When you release a new innovative product on the market, it goes through an adoption lifecycle. This is a process that determines the level of acceptance in which people have for a new product. These people are referred to as “adopters,” and they’re broken up into different segments based on their psychological characteristics and demographics.
Innovation managers want some idea of how much people will accept a new product when it is released. By breaking up the adopters into 5 different segments, managers can strategize over how to market their product to each one.
Below are the 5 segments in order from the earliest adopters to the latest adopters of the innovation adoption lifecycle.
These are the earliest adopters of new product innovation. They are highly social people who always get excited about new ideas and are very eager to try them out. Even though the products are expensive and highly risky at this point, innovators have enough risk tolerance to overlook these things and absorb their financial losses. Social media influencers might fall into this segment.
2) Early Adopters
Early adopters are heavily opinionated and quick to share their reviews and experiences about the product with other people. In many cases, the social media influencers and innovators from the first segment will recommend the product to the early adopters. Even though early adopters don’t have as much risk tolerance as innovators, it usually turns out okay for them because the products were already recommended to them by people who took the risk first.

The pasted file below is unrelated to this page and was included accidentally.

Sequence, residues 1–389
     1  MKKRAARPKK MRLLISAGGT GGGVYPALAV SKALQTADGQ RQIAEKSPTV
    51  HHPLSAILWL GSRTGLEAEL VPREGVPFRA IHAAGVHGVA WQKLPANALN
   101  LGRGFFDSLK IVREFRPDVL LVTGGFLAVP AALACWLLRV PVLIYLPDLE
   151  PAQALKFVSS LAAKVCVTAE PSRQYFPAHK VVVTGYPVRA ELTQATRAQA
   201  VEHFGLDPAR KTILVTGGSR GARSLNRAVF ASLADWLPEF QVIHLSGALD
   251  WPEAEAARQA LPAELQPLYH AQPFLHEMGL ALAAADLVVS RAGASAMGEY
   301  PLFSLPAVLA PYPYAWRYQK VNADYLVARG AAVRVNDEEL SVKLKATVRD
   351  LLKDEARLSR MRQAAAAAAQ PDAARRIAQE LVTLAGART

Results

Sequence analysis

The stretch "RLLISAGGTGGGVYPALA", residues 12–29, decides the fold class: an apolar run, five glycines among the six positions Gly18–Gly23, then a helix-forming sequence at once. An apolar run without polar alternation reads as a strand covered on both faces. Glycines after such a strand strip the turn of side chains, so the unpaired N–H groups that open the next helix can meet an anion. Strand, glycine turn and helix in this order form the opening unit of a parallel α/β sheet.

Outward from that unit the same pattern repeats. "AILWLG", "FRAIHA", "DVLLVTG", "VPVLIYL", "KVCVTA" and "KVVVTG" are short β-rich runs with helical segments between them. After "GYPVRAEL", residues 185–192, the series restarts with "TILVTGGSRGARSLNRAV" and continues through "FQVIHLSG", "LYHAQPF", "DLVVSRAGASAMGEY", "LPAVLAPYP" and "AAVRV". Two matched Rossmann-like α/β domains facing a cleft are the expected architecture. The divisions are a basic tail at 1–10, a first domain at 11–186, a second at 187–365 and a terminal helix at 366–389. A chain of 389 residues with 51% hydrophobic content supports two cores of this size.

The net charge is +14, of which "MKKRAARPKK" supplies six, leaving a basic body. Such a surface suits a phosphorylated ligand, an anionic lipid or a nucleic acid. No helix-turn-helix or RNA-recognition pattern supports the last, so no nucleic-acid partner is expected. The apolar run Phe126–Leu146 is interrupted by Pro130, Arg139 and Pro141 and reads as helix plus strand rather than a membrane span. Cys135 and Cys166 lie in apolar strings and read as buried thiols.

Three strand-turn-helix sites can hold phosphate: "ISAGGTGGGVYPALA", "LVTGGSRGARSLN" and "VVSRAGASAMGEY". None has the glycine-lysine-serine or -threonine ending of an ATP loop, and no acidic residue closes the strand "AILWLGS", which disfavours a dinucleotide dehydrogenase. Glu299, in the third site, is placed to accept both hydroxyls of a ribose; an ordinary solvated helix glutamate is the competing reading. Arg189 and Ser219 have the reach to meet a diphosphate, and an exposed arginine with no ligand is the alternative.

3) Early Majority
The early majority are adopters of high social status who do not like to take risks. However, they don’t have as much knowledge and money as the innovators and early adopters. For this reason, the early majority heavily depends on these two segments for good product recommendations. The early majority are typically the followers of social media influencers or people who read review websites.
4) Late Majority
The late majority is one of the biggest segments of the adoption lifecycle. They take even fewer risks than the early majority. In fact, the late majority waits for the early majority’s validation before they try the product. The marketing of the product doesn’t even matter to the late majority. It is all about what the early majority tells them.
Laggards are the last segment of adopters. They’re older people who don’t have much money or experience. They often don’t like change and are always skeptical about trying out new products. The only way laggards will try a new product is if traditional products become obsolete.